SPAIN is losing its decade-long war on the vespa velutina, also known as the Asian hornet – and even occasionally the ‘murder hornet’.
It arrived in Spain from France in 2010, when 17 nests of the invasive insect were detected in Galicia alone.
Fast forward to 2022, and numbers had shot up to 22,200. This marked an increase by one third on just the year before.
And for 2023, hornet nests are up a massive 60%, with as many calls received this year as in all previous years combined, according to the Galician regional government.
Attacks have been reported as far south as Estepona on the Costa del Sol.
And the giant wasps, which grow to round two inches long (5cm), do live up to their nickname. They killed a 54-year-old beekeeper in Santiago in May 2020 when one stung him on the eyebrow.
The victim reportedly discovered the hornets’ nest while tending to some of the beehives near his home.
A fellow beekeeper discovered him lying close to the hive and called the paramedics, but it was already too late.
That same month, a 73-year-old man died after a swarm attacked while spending a day out in the countryside with his wife in nearby Pontevedra.
A medical helicopter was summoned and medics spent 45 minutes trying to revive him to no avail.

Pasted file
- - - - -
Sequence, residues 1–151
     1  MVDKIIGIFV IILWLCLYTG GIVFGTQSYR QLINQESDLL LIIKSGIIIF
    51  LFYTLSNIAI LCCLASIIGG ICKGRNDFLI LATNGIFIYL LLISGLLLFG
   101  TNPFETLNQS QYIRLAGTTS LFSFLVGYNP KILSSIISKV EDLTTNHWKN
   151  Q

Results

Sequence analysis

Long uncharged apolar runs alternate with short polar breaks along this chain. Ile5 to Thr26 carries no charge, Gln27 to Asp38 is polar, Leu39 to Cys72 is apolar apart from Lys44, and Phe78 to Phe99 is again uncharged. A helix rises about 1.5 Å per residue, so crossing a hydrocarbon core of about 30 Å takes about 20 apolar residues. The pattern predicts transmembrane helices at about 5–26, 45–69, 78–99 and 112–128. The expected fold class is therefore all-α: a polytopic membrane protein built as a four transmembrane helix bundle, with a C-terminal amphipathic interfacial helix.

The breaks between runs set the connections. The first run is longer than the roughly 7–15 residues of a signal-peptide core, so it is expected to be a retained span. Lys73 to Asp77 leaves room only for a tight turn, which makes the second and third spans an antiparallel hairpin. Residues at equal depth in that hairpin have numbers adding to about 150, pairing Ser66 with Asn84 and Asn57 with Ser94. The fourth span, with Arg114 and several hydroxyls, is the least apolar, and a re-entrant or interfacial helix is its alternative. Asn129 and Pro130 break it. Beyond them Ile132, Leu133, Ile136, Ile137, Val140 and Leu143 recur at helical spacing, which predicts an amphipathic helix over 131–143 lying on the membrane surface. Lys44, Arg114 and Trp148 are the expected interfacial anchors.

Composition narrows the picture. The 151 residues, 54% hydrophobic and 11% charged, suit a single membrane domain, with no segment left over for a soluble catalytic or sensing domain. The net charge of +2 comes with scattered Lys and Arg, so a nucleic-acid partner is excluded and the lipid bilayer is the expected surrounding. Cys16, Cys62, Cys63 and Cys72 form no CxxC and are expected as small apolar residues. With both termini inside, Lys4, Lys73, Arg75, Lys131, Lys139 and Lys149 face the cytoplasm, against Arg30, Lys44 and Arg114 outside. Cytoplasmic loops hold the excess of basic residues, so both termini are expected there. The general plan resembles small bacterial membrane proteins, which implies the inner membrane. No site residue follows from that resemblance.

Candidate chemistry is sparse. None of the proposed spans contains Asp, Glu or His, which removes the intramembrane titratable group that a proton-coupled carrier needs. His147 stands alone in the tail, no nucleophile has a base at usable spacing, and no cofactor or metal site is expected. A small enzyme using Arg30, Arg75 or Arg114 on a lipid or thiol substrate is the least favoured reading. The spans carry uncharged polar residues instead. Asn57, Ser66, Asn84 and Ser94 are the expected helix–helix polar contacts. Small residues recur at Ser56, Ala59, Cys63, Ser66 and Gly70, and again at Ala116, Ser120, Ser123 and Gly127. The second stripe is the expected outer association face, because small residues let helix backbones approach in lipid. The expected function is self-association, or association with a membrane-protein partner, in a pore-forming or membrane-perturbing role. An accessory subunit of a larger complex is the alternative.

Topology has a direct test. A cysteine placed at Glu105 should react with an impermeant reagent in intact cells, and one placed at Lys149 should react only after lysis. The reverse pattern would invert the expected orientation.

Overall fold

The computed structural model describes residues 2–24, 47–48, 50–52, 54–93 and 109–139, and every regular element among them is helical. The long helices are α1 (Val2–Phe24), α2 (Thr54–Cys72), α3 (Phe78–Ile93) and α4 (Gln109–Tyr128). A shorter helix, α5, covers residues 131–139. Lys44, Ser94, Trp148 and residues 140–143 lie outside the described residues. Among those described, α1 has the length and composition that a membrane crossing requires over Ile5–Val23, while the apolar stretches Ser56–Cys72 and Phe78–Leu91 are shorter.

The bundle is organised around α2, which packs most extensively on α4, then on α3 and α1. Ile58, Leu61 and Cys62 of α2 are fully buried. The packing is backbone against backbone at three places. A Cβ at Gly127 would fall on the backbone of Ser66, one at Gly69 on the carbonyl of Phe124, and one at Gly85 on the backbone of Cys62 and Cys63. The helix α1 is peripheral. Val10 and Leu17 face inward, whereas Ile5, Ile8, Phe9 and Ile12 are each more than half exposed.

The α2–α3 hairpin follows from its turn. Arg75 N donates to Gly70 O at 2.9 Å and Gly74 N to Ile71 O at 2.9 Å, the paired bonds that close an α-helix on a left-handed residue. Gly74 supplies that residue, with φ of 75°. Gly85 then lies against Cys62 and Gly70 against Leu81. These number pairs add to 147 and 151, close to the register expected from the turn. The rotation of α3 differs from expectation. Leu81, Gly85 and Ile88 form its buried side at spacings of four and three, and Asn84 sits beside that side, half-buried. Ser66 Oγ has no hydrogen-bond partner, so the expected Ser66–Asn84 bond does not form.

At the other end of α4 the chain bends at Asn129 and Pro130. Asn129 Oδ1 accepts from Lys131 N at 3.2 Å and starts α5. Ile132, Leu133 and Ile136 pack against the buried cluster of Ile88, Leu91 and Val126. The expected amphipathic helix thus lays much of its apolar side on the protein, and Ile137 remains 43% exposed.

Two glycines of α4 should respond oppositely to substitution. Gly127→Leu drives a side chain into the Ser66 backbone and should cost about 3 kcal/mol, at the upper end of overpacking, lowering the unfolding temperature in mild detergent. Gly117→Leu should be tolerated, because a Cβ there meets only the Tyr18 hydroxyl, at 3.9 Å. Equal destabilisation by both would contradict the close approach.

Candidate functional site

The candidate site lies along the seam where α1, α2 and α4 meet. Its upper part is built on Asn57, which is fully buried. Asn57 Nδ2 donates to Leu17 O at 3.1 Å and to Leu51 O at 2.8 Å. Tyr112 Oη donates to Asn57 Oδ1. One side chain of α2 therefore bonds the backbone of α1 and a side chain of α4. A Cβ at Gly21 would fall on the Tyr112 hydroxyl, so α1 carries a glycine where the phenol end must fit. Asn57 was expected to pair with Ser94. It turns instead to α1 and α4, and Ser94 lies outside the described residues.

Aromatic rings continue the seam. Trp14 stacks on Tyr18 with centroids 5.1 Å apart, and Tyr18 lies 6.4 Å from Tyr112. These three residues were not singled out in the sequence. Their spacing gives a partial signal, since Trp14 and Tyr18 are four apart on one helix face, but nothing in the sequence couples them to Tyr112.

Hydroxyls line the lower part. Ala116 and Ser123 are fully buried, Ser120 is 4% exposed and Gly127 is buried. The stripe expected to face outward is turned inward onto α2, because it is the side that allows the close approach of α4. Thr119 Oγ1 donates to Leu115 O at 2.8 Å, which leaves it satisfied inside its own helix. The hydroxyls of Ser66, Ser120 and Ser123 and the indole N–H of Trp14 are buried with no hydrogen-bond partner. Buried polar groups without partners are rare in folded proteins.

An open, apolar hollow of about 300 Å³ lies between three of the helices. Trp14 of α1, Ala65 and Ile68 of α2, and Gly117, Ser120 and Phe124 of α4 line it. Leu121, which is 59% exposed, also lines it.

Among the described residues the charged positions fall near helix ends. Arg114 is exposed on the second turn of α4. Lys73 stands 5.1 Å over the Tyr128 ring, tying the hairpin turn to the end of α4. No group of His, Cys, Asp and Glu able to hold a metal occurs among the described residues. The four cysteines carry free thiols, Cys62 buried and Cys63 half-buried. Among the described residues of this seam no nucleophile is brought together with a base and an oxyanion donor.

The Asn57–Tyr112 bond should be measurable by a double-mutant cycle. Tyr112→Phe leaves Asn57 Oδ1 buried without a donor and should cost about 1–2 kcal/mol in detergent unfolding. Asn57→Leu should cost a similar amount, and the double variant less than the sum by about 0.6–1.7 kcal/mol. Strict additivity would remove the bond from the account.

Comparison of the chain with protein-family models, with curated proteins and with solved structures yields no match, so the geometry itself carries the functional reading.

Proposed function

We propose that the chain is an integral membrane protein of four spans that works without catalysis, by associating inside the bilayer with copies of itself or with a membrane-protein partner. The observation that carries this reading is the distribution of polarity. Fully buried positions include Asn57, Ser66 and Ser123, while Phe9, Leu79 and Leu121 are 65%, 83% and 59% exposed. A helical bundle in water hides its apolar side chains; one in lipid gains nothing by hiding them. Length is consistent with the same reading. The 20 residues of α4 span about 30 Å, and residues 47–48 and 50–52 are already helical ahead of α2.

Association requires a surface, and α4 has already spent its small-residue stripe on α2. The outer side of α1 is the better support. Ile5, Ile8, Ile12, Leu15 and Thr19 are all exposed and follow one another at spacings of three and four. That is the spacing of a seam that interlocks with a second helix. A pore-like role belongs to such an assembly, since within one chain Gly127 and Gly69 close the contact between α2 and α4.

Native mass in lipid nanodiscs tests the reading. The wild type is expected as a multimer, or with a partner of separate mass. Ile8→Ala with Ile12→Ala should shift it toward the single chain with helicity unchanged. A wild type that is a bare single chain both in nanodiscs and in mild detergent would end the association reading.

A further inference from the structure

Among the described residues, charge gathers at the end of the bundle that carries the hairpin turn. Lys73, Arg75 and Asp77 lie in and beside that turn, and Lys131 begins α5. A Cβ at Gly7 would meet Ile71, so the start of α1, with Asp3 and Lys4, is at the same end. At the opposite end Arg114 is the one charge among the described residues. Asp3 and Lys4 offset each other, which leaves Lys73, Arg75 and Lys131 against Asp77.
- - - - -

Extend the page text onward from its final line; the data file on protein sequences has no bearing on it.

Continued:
Over the last 20 years, a total of 78 fatalities due to hornet, wasp, and bee stings were recorded in Spain, according to a report in the Academy of Veterinary Sciences of Galicia.
The spread of hornets doesn’t just threaten people’s lives, it also hurts their livelihoods through the damage the insect does to honey, wine, and fruit production.
And measures to combat their spread with traps and poisons also harm Spain’s biodiversity through the collateral damage they inflict on other insects.
“The spread of the hornets is still expanding, and has not reached its peak yet,” Mariam Ferreira from the University of Santiago, told El Pais.
“Only 5% of the insects killed in traps are velutinas, and this poses a significant problem for biodiversity. Unquantified damage is being caused, and it is not insignificant.”
Ferreira estimates that Galician beekeepers spend about €2.7 million a year combating this massive bee predator.
Mesh screens are placed at the hive entrances to prevent the invasive insects from entering, or entire apiaries are covered.
Electric harps are placed among the swarms, and sometimes the hive residents are artificially fed.
Some have even resorted to a Trojan horse tactic, capturing a velutina, amputating its hind leg, and dousing its abdomen with poison.
It is released, assuming it will return to the nest due to its injury, and it is believed that it will spread the toxic substance among its fellow insects when they clean it.
“This method should not be used because there is no guarantee that the wasp will return to the nest, and it may spread the poison elsewhere,” warns Ferreira.
Another vet and hornet expert, Xesus Feas, has warned that the killer insect is ‘everywhere’ in Galicia. “There is no need to panic,” he reassures.
“But we must be aware that [this plague] is not just a problem for bees; it is a health and environmental problem and a challenge for emergency services.”